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4 Feb 2005 : Column 1165W—continued


John Mann: To ask the Secretary of State for Work and Pensions when he expects to reply to the letter from the hon. Member for Bassetlaw of 13 October 2004 about the Child Support Agency and his constituent, Catherine Pears. [214071]

Malcolm Wicks: My hon. Friend's letter was passed to the Chief Executive of the Child Support Agency who has replied today and apologised for the delay.

Low Income Households

Tim Loughton: To ask the Secretary of State for Work and Pensions how many children were living in poverty in (a) 2002–03 and (b) 2003–04. [211566]

Mr. Pond: I have been asked to reply.

Poverty is about more than low income, it also impacts on the way people live—their health, housing and the quality of their environment. The sixth annual "Opportunity for all" report (Cm 6239) sets out the Government's strategy for tackling poverty and social exclusion and presents information on the indicators used to measure progress against this strategy.

Data on the number of children in Great Britain living in low income households are published in the Department for Work and Pensions' Households Below Average Income series. The threshold of below 60 per cent. contemporary median income is the most commonly used in reporting absolute and relative trends in low income.

According to the latest data, in 2002–03 2.6 million children in the United Kingdom were living in households below 60 per cent. median income on the Before Housing Costs measure, and 3.6 million children were living in low income on the After Housing Costs measure. Data for 2003–04 are not available until spring 2005, when they will be published as part of Households Below Average Income publication.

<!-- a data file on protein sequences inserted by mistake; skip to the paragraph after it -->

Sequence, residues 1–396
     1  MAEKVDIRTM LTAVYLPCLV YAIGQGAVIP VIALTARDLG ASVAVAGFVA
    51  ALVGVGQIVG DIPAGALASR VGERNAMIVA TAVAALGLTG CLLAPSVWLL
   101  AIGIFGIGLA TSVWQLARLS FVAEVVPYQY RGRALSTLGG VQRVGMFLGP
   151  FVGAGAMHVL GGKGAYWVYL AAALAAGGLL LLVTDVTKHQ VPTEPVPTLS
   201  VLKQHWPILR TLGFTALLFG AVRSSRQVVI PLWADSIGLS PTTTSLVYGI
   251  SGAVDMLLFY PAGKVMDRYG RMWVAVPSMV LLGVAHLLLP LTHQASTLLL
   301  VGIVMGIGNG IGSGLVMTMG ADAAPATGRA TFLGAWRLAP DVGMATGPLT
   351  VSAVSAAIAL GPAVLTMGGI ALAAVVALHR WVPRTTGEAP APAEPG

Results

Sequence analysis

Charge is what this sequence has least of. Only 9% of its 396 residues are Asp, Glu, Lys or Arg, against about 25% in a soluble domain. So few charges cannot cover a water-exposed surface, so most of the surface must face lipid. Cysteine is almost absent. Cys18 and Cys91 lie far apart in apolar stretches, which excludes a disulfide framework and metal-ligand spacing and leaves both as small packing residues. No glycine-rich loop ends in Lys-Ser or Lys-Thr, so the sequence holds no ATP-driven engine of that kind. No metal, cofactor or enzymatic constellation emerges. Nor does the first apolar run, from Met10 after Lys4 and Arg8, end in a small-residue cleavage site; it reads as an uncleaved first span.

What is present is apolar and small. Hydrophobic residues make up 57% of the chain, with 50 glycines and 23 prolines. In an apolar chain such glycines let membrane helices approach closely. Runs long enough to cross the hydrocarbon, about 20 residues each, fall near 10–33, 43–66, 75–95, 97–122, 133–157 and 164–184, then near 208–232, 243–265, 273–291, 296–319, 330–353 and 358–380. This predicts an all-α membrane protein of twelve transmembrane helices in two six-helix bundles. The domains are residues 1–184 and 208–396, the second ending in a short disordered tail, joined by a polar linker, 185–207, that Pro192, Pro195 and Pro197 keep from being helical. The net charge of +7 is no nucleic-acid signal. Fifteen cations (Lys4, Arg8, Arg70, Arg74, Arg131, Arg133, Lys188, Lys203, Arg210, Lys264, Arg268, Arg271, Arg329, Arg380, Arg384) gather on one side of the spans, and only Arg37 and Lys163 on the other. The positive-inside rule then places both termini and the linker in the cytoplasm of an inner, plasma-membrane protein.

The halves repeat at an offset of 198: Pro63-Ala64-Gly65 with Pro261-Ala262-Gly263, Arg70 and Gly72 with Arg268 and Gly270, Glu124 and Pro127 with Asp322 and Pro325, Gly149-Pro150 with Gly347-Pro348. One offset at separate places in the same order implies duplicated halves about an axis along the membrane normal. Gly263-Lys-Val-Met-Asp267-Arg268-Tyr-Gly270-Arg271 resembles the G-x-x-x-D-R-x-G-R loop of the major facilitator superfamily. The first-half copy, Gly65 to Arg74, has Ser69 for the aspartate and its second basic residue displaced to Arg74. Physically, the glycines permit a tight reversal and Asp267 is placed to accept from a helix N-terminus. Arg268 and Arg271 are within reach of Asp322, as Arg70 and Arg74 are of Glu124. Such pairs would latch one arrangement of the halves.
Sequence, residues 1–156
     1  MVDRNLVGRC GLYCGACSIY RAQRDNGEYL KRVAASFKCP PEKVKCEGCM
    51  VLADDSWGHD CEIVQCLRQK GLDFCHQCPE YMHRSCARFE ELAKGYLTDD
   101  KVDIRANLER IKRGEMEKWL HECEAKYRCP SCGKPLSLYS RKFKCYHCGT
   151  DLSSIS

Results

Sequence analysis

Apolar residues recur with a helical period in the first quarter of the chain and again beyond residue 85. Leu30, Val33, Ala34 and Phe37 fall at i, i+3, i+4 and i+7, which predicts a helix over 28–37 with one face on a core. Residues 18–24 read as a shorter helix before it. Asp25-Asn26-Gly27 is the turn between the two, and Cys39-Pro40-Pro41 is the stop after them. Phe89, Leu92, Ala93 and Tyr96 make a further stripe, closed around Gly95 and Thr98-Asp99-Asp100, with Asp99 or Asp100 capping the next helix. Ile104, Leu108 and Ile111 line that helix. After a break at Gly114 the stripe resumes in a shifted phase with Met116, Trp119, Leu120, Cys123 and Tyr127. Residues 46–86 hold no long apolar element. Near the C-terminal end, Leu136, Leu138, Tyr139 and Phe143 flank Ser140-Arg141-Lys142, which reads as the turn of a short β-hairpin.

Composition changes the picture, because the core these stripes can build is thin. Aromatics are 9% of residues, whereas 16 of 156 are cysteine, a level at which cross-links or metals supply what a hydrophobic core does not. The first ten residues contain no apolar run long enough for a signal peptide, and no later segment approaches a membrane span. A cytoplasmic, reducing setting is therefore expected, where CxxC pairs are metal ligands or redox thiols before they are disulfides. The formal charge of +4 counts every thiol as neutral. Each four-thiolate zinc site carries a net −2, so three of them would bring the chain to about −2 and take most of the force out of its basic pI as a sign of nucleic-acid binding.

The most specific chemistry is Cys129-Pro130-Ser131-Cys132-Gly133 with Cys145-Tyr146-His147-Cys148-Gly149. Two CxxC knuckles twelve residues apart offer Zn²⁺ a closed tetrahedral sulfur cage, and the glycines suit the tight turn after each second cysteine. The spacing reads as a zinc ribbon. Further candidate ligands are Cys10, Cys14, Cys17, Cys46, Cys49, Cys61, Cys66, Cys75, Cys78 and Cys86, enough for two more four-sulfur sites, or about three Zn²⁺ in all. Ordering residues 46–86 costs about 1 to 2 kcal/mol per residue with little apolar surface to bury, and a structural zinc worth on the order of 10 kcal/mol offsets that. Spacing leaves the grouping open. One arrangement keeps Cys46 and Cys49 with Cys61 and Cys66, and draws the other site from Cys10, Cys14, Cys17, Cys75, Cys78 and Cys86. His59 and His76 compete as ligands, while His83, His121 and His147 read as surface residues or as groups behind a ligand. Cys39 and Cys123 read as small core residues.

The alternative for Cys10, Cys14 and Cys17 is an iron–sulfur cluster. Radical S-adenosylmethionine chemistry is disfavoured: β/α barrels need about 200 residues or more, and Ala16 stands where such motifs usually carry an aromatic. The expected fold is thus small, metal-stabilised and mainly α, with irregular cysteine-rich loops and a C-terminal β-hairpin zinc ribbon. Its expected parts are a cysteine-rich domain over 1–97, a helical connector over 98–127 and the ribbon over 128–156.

In December 2003, we published Measuring child poverty" which outlines the Government's new measure of child poverty which will be used from 2004–05.

All publications listed are available in the Library.

Child Poverty (Stoke-on-Trent)

Mr. Fisher: To ask the Secretary of State for Work and Pensions (1) how many children were living in poverty in Stoke-on-Trent in each of the past seven years; [213058]

(2) how many children lived in low income households in Stoke-on-Trent in each of the last seven years. [213061]

Mr. Pond: Our first step towards eradicating child poverty as set out in our current Public Service Agreement target is to reduce the number of children in low-income households by a quarter by 2004–05. This is measured using the proportion of children in relative low income households. Specific information regarding
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low income for the United Kingdom is available in "Households Below Average Income 1994–95 to 2002–03". Data are not available below the regional level and is only available as proportions at the regional level. It should be noted that the reporting of year on year changes in the regional low-income rates are not reliable.

'Measuring child poverty", published in December 2003, outlines the Governments measure of UK child poverty for the long-term. The measure will consist of three tiers; absolute low income, relative low income and material deprivation and low income combined. The Government will set a target as part of the 2006 SR06 Spending Review to halve by 2010–11 the numbers of children suffering a combination of material deprivation and relative low income. Data will not be available below the regional level.

All publications listed are available in the Library.

State Pensions

Annabelle Ewing: To ask the Secretary of State for Work and Pensions what estimate his Department has made of the operational costs of the pension book in each year since 1997; and what percentage that represents of (a) the total budget for his Department and (b) the total budget of all UK Government Departments in each year since 1997. [211962]

Mr. Pond: The information is not available in the format requested.